3 Interview Follow-Up Email Templates You Can Copy-Paste

3 Interview Follow-Up Email Templates You Can Copy-Paste

After putting in all of the hard work for an interview, remember to send a follow-up email whether you want the job or not. A quick email thanking the interviewer for their time adds a personal touch that can go a long way.

Follow-ups provide opportunities to leave a positive impression by expressing your interest and enthusiasm while demonstrating your personality and soft skills. Going the extra mile to send a quick note can set you apart from other candidates, and even if you don't get the position, you could be kept in mind for future openings.

The people you have your interview with will likely be your future coworkers; they want to choose the candidate that will be good at their job and also be the right cultural fit.

These interview follow-up email templates make sending a thank-you note quick and easy. Just copy the template, fill in your information, and hit send.

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Interview follow-up email examples

You can write a follow-up thank-you note in just a few minutes with the right template. Interviewers take time out of their day to meet with potential candidates. A quick thank-you email shows that you’re interested in the position and that you appreciate their time and effort.

End your interviews on a positive note. First impressions set the tone, but the final impressions are the freshest and what people tend to remember most—the recency effect. Sending a follow-up can also help keep you at the top of your interviewer's mind.

Have you ever finished an interview and realized that you forgot to mention something important and relevant to the position? Instead of kicking yourself, include it in your follow-up. This could be an opportunity to reinforce why you're the best candidate for the job and express your gratitude—balance self-promotion with gratefulness.

Use these quick and easy interview follow-up examples as inspiration:

After a phone screening

Hi Gavin,

I wanted to send a quick thank-you for taking the time today to talk with me about the email marketing position at Hoopi. I enjoyed learning more about the role and Hoopi’s company culture. I think this is a great fit for me.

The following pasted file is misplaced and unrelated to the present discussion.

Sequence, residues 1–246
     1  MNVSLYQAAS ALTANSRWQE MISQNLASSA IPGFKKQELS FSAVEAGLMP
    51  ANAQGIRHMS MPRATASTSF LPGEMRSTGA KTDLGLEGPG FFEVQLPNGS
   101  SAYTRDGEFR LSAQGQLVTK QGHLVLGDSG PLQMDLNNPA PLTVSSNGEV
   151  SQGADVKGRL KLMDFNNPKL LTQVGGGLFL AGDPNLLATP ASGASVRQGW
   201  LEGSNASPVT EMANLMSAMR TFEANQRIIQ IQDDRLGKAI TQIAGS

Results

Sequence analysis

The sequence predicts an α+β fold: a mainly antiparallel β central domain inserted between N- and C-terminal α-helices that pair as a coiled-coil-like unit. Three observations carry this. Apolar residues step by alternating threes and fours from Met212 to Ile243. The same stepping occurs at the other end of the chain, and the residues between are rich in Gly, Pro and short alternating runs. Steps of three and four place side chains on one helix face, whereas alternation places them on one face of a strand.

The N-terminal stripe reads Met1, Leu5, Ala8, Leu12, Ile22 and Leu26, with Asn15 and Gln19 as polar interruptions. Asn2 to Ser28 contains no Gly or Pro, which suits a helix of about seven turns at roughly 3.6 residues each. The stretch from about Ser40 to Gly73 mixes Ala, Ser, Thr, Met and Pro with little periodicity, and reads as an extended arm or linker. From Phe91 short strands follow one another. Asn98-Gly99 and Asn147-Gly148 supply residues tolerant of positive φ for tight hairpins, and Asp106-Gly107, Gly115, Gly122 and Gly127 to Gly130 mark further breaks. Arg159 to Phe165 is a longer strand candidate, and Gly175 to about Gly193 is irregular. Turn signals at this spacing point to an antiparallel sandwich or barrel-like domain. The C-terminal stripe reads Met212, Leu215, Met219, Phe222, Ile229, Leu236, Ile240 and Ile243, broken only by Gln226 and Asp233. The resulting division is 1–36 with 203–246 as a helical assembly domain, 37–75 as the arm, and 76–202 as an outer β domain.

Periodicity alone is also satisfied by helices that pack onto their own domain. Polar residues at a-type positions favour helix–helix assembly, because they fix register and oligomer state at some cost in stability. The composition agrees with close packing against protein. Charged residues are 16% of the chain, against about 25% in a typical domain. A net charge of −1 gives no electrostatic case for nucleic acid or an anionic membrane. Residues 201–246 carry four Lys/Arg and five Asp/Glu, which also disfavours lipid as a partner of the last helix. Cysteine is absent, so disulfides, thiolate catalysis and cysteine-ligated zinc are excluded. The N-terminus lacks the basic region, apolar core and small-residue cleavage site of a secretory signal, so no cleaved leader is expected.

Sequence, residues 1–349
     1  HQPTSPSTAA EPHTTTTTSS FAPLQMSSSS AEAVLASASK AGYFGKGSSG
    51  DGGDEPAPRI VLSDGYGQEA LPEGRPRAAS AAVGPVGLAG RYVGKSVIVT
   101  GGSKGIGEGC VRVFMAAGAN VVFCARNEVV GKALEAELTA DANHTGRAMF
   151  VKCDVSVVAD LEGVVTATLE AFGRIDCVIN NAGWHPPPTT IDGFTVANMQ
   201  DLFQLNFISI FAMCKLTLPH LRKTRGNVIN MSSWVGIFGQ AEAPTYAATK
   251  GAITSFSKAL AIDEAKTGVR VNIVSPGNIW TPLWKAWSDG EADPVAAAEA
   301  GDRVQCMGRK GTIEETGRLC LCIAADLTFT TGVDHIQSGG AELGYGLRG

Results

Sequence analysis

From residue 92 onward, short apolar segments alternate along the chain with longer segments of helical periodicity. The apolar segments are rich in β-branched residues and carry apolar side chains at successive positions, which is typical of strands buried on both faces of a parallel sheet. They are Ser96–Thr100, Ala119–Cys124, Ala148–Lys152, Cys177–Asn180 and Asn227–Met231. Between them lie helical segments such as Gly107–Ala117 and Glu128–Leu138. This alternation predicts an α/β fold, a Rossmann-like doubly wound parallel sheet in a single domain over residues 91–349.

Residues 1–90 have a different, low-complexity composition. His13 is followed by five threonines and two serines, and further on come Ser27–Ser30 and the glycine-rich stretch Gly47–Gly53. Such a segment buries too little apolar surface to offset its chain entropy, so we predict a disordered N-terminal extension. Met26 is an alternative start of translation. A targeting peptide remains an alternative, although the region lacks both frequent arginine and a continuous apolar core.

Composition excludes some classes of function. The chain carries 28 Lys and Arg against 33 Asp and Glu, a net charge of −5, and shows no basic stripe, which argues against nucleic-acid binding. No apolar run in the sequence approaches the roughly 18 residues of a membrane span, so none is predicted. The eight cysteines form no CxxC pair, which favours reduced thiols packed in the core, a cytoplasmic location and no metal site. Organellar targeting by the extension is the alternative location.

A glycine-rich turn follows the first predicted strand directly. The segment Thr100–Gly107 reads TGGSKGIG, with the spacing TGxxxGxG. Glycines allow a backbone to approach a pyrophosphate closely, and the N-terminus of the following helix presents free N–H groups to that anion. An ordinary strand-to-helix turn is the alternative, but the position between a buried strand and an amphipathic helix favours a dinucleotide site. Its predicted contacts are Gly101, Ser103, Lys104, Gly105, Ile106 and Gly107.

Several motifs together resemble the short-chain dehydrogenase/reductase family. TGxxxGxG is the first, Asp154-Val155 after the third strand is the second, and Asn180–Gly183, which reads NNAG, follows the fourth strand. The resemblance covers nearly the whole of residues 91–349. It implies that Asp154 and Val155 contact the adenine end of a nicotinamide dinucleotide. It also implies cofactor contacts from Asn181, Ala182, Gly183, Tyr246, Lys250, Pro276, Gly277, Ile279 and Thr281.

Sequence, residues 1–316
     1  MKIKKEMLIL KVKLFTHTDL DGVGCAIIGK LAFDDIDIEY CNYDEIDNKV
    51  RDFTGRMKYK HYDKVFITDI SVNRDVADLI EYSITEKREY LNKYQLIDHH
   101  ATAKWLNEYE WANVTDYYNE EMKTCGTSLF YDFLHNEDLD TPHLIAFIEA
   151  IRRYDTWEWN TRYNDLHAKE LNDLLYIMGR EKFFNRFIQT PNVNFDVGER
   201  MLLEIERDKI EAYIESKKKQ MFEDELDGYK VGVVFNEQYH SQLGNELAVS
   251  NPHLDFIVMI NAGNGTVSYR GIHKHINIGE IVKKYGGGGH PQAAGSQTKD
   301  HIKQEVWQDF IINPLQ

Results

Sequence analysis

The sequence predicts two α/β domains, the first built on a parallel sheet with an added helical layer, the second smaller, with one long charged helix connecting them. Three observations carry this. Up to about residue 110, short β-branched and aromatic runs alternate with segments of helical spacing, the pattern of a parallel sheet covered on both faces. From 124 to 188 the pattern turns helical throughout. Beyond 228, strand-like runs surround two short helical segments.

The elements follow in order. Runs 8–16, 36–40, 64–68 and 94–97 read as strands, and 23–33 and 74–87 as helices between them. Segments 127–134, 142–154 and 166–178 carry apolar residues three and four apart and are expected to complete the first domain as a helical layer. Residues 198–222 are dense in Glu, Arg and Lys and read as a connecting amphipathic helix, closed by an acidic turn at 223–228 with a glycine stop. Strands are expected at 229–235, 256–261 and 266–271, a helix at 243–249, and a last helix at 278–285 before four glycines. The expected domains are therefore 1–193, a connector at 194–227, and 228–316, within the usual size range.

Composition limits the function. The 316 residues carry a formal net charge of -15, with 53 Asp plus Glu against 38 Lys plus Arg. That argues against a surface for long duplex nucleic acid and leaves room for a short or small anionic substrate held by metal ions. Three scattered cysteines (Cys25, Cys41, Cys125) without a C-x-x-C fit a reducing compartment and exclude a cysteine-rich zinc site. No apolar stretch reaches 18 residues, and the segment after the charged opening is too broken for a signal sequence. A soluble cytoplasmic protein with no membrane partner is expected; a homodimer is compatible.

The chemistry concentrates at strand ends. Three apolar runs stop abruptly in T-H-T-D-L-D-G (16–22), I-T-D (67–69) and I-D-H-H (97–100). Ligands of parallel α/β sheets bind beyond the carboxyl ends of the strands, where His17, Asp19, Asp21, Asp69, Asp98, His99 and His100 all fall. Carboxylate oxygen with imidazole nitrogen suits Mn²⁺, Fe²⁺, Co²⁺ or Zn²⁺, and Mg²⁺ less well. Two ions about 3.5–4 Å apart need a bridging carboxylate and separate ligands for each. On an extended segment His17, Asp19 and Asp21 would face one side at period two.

I’m very excited about this opportunity and look forward to meeting more members of the team.

If you need anything else from me or have any questions, please feel free to reach out. I’m looking forward to hearing about the next steps in the process.

Thanks again for your time,

Jared

After meeting with the hiring manager

Hi Mr. Gilfoyle,

Thank you for taking the time to meet with me today and talk about the UX designer position in more detail. I enjoyed discussing rebranding and the new design direction that Pied Pepper would like to go in. I could see myself being part of your team.

Pied Pepper's commitment to diversity and giving back to local communities was one thing that stood out. I think this position is a good fit for me because I was heavily involved with redesigning the front end of the DeliveryDart app last year.

If you have any other questions for me, please feel free to reach out.

Thank you again for your time,

Dinesh

After a late-stage panel or final interview

Hi Laurie,

Thank you for taking the time to speak with me today. I have enjoyed learning more about how the product development team is looking to run additional paid campaigns on Braviga’s social media channels.

After meeting with you and other team members and learning more about Braviga's goals, I believe my experience with A/B testing and creating ads that convert can help with increasing social media sales.

Please let me know if you have any other questions or would like me to clarify anything.

Thank you again for your time,

Erlich

Interview follow-up email templates

You can use a template to make writing a follow-up email quick and easy. Make sure to save your favorite templates so you can reuse them later on with appropriate adjustments. Templates help with writer's block and give you a great starting point for your email. Just fill in your information, add any personal touches that you think help, and you're ready to send.

Key content elements

A great follow-up email is short and sweet. It should get straight to the point while still feeling authentic and genuine. Follow-up emails are a chance to showcase your in-demand soft skills, like empathy, positivity, and communication, that make you a valuable team member.

When writing a follow-up email after an interview, you can personalize the message but make sure it includes these key content elements:

  • Use the interviewer's name. Address your interviewer by name, so it feels personal and genuine.
  • Express gratitude. Thank your interviewer(s) for the time they spent with you.